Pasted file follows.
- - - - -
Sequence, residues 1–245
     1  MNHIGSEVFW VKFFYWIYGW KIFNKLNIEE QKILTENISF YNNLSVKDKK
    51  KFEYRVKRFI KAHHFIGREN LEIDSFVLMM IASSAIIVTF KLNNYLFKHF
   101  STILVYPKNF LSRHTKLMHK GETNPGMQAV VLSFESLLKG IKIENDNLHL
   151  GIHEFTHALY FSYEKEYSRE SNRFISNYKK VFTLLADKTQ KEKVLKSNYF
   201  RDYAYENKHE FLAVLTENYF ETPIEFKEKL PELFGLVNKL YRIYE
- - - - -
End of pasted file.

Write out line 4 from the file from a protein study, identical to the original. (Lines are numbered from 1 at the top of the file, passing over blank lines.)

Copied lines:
   101  STILVYPKNF LSRHTKLMHK GETNPGMQAV VLSFESLLKG IKIENDNLHL